Since I publicly committed to writing daily for 30 days, I felt that I should explain why I missed 3 days of writing last week.
Last Thursday, I wrote a draft in the morning and planned to complete it on the train home that night. On the train, I developed motion sickness and could not work on the draft properly. I decided not to press on and hence, did not publish a post that day.
I know that it was simply due to bad planning. Had I allocated more time to writing that day, I might have been able to publish the post.
The day before, I had a bad day for my writing too. These 2 days made me lose much motivation to write. Therefore, I decided to take a break from writing. As I was travelling to Oxford for 2 days, I decided to take the 2 days as a break from writing.
Looking back at those 3 days, I feel that it might be a mistake to miss those days of writing. Instead of looking for excuses, I decided to analyse what happened and see if I could learn anything.
I missed my daily writing deadline last Thursday because I didn’t want to publish drafts that I’m not satisfied with. Despite knowing that, I did not allocate sufficient time to write and refine the post.
That day taught me 2 lessons.
First, I underestimated the amount of time I need to write a post that I’m satisfied with. Looking back, I realised that I would spent at least 3 hours to write a post that I’m happy with. Some days, I took up to 6–7 hours.
There are 3 things I could do about this moving forward:
- I could speed up my writing process, which I’ve tried without much success. I guess speed would come with more practice.
- I could allocate more time for writing. Allocating 6–7 hours for writing each day might not be feasible considering that I have other commitments apart from writing. However, this would be less of a problem after my challenge to write daily as I could break up my writing process into a few days.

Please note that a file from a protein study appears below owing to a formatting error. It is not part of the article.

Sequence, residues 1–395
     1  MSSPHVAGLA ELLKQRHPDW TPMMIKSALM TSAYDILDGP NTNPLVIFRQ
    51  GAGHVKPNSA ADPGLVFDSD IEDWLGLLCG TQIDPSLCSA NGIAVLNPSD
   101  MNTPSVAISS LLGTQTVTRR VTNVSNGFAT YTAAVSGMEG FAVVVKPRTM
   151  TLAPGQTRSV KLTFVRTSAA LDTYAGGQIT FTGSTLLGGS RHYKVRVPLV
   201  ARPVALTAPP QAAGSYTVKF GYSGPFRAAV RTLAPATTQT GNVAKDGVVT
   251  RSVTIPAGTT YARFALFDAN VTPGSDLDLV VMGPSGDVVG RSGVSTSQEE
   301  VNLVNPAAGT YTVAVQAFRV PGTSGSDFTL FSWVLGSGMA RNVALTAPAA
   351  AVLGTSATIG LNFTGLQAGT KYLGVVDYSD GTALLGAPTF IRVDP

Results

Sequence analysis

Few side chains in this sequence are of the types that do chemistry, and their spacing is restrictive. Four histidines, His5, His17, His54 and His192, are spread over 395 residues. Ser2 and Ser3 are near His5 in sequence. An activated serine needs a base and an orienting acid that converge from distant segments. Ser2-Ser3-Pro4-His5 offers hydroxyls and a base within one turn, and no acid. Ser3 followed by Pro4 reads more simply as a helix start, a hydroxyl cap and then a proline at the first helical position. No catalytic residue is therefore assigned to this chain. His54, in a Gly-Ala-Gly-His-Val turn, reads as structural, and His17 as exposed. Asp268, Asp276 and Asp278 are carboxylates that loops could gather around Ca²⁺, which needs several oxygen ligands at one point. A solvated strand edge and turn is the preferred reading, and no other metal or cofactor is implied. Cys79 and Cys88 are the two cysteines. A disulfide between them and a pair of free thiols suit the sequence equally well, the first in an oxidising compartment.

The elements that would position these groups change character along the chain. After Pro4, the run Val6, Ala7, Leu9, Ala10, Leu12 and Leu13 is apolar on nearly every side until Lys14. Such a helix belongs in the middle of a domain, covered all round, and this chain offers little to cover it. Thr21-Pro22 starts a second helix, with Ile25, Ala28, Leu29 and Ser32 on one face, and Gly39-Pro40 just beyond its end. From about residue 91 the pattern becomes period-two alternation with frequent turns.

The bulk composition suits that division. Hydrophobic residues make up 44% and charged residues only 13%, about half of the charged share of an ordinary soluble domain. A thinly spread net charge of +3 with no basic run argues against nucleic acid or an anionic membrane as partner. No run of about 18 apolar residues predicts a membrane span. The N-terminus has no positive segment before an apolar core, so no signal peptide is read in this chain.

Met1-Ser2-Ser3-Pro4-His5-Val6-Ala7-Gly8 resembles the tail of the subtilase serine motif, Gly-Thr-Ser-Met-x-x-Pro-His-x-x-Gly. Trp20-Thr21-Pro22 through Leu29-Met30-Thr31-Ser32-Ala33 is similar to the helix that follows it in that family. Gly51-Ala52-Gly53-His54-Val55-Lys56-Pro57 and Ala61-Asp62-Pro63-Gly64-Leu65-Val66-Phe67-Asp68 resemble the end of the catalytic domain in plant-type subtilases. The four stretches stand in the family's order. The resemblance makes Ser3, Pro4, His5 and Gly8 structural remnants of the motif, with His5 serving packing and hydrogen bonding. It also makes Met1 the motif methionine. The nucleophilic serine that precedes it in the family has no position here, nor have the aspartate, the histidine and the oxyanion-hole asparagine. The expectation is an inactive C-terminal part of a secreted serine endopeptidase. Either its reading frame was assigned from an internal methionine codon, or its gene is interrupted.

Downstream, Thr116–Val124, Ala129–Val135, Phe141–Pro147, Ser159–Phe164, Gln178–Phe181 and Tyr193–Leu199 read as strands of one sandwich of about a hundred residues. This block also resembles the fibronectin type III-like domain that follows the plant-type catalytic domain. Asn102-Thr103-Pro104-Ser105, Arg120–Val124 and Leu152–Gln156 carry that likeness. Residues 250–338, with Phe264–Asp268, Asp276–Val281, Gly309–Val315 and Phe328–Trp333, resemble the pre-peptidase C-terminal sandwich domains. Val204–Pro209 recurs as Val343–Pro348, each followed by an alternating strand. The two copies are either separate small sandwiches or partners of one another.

- With my current challenge to write daily, it might be better for me to write shorter posts on days when I have less than 3 hours available for writing. Of course, this does not mean that I should compromise on the quality of the posts.
Second, I learnt that I do not write well under time pressure. When I have 30 minutes or less to write, I found it hard to pull my thoughts together to write something meaningful. So instead of having pockets of 30 minutes throughout the day to write, I might be better off having blocks of 1–2 hours.
As mentioned earlier, I decided to take a break because I had 2 bad days for my writing, which demoralised me quite a bit. I felt that taking a break might allow me to be motivated to write again and perhaps think and write better.
I’m not quite sure if the break was helpful as I’m still finding it hard to write today. Perhaps it might have been better if I wrote regardless of my mood or motivation level.
In her post, 7 Habits of Highly Effective Writers, Alexis Landau wrote:
There is no “writing mindset” — if I waited for that, I would never write. The only thing that helps is sitting down every day, at the same time (roughly) and having peace and quiet, even if it is just an hour, to think, without the pressures of the outside world. I don’t check email or take any phone calls. It is a reserved time, just to ponder and explore various ideas, scenes and characters. Mary Oliver once said something about how if you show up for the muse consistently, then she will start showing up for you consistently, as if the psyche knows that you are writing and preparing, and so after time, you get something back, but you have to be there to receive it, no matter how painfully slow or awful you think it’s going.
Having read this, I am determined to “show up” daily for the remaining 13 days of my challenge.
While it might have been a mistake to miss 3 days of writing, I’m glad that I took away some valuable lessons.
Have you had days when you lose motivation for writing? I would love to hear how you deal with it 🙂
(This is my 17th blog post of my 30in30 challenge — 30 blog posts in 30 days. Through this challenge, I hope to feel comfortable and more confident with writing and become better at writing.)